Towards Predicting the Subscription Status of Twitch.tv Users — ECML-PKDD ChAT Discovery Challenge 202011.09.2020
Together with researchers from Leipzig University and Bauhaus University Weimar, we organized this year's ECML-PKDD discovery challenge called "ChAT", which is an acronym for "Chat Analytics for Twitch".
Twitch.tv is a live-streaming platform for videos, mainly used by gamers to share their gameplay and an audio commentary with the community. Users can then interact with the streamer and other users by writing comments in the chat section. We already worked with Twitch chat messages in our "Emote-Controlled" paper from earlier this year, that features more information on Twitch and its characteristics. On Twitch, users can support their favorite streamers by subscribing to their channel. This costs a monthly fee and unlocks certain subscriber-only features, such as exclusive emotes or access to certain chat rooms. Our main research question for the "ChAT" discovery challenge was: "Is there a difference in chat and interaction behavior between subscribed and not-subscribed users?" Therefore, we let participants of the challenge build a binary classifier that predicts the subscription status of user-channel combinations based on the chat messages written by the users in the channel. Obtaining a well working classifier would allow to identify users that are currently not subscribed to a channel but behave like they are subscribed. Such users could then be targeted using advertising.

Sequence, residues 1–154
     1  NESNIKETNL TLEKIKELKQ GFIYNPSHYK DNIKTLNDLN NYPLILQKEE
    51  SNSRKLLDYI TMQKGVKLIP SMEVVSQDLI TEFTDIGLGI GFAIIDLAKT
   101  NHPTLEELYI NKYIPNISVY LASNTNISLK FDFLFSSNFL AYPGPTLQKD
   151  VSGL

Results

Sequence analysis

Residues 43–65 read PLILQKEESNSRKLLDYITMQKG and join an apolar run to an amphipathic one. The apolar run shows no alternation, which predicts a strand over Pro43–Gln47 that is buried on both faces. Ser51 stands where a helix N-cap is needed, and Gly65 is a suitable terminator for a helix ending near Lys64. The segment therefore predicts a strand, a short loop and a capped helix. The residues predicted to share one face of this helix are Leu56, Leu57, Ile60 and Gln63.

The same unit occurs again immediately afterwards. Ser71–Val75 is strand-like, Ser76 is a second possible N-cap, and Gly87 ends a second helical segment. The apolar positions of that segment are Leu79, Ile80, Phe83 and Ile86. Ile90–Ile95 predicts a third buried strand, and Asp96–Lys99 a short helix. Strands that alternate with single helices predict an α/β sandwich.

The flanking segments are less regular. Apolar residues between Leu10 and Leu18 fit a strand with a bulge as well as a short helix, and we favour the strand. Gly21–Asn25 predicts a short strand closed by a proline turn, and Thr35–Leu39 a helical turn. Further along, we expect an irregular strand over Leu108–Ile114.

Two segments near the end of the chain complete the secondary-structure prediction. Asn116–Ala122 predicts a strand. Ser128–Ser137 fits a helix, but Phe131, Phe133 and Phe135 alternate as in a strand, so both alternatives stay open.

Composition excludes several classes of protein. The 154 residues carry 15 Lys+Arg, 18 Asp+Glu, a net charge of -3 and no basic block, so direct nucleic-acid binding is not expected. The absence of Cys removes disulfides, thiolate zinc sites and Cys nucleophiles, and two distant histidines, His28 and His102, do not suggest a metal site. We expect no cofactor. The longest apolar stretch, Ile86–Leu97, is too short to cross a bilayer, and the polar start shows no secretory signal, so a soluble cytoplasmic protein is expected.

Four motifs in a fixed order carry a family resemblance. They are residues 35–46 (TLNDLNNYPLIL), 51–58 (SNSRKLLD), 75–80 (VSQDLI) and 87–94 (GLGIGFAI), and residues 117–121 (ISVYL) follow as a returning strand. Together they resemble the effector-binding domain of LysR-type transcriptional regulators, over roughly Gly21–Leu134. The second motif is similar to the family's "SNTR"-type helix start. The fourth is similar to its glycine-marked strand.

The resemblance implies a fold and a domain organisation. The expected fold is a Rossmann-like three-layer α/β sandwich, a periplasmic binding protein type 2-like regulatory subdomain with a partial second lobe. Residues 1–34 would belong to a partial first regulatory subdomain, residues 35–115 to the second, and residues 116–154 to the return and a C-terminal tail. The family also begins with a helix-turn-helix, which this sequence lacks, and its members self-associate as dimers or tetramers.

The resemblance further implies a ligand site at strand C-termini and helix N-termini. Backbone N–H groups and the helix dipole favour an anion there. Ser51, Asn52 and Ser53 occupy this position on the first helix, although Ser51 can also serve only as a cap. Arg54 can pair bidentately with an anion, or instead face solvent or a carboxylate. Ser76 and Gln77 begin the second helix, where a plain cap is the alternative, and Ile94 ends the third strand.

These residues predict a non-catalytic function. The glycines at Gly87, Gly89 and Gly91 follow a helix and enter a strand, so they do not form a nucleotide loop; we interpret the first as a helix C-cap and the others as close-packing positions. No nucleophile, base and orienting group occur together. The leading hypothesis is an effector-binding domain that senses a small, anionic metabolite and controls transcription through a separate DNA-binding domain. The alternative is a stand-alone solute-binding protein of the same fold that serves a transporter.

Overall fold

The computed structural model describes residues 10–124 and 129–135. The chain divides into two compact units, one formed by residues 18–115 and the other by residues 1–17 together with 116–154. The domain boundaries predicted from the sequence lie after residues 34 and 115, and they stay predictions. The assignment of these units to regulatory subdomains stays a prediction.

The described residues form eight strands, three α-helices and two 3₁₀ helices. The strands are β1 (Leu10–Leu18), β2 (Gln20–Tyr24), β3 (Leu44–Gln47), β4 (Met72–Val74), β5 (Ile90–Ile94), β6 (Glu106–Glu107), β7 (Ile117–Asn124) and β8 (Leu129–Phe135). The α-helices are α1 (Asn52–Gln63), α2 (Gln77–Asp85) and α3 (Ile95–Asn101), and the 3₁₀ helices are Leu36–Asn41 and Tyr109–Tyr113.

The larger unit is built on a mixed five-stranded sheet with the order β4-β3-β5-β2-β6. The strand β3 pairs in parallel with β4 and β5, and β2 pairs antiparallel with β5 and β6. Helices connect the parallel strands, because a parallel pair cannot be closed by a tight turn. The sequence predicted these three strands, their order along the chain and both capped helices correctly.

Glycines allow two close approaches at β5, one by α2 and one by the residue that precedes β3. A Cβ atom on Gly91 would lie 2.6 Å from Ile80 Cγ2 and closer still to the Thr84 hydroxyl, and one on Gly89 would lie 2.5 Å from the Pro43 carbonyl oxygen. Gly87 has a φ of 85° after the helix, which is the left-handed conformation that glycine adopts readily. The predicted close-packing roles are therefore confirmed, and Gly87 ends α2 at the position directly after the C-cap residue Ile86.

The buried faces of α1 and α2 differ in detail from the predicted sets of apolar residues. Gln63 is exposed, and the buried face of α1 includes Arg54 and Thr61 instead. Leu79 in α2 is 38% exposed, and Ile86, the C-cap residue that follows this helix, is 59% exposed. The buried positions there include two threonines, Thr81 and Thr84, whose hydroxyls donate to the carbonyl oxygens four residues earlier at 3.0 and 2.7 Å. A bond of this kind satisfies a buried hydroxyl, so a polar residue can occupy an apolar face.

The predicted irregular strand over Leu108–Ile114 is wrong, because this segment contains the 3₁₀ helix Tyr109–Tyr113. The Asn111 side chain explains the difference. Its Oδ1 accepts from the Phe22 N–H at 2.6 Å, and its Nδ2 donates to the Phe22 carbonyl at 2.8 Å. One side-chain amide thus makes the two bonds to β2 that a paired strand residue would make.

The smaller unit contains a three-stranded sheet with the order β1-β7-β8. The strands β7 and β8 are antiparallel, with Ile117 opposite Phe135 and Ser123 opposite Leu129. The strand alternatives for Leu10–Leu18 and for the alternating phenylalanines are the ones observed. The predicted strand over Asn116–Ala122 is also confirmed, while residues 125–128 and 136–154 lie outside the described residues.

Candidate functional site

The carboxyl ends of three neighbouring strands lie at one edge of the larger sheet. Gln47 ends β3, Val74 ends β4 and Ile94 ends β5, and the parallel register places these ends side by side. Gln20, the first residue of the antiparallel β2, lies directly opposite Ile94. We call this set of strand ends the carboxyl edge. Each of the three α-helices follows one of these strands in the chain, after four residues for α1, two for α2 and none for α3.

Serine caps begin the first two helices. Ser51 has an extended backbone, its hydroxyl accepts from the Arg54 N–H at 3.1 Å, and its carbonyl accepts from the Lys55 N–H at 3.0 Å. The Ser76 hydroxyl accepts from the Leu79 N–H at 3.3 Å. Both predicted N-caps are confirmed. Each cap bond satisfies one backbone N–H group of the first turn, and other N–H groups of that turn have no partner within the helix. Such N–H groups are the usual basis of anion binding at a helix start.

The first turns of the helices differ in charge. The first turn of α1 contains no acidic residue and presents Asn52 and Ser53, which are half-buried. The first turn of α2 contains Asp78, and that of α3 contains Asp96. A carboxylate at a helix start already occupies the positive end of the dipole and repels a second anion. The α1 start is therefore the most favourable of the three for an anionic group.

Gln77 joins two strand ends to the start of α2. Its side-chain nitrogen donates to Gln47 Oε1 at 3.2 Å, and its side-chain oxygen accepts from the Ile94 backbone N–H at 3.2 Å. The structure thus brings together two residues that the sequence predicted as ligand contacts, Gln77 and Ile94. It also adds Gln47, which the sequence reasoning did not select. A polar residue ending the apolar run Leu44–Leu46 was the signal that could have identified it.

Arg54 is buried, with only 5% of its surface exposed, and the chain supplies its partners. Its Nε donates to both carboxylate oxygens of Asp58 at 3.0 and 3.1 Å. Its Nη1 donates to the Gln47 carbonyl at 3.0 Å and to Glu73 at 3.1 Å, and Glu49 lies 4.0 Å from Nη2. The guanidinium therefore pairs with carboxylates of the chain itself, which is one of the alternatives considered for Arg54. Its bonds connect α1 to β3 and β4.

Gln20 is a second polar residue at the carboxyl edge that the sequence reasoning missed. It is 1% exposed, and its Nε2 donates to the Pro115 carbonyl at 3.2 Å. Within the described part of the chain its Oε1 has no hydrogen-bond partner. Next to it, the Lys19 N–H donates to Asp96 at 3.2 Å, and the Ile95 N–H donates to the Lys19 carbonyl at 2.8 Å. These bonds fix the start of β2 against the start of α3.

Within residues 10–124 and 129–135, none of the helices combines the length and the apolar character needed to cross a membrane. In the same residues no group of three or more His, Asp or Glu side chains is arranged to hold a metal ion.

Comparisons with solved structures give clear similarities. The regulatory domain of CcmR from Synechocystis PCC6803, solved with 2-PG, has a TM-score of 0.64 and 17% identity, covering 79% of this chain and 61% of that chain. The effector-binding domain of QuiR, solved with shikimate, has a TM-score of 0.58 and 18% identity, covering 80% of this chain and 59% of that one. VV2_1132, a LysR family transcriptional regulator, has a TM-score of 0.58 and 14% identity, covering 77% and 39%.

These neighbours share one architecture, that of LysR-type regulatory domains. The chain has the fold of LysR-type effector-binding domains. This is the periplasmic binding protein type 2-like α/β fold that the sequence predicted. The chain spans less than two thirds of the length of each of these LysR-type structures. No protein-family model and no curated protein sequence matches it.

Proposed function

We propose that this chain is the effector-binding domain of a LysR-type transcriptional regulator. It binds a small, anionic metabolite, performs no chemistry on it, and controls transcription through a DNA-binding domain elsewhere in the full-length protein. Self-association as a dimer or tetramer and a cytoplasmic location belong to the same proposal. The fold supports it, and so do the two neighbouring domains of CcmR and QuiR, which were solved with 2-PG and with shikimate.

For the challenge, we provided more than 400 000 000 public Twitch chat messages from English channels as a training set, containing additional metadata such as the timestamp or game that was streamed when the comment was written. We evaluated the participants' models on 90 000 unseen user-channel combinations and analyzed their predictions to get a better feel for the strengths and weaknesses of their approaches. Participating teams extracted stylometric features, user and channel activity features, as well as user-channel interaction features from the data and applied different models (e.g. LSTMs, XGBoost, or CatBoost) to predict the subscription status.
The challenge started in March 2020 and the model submission deadline was in June. From the 23 team registrations, four submitted a working model and three provided a descriptive paper. If you are interested in the task and data, the participants' approaches, or our analysis regarding the results, take a look at the challenge's website and the paper proceedings published at CEUR-WS. If you are going to visit this year's (virtual) ECML-PKDD conference next week (14-18.09.2020), you are welcome to be part of our session on Friday, 18.09.2020, at 15:00 CEST that will feature talks and Q&As of all teams.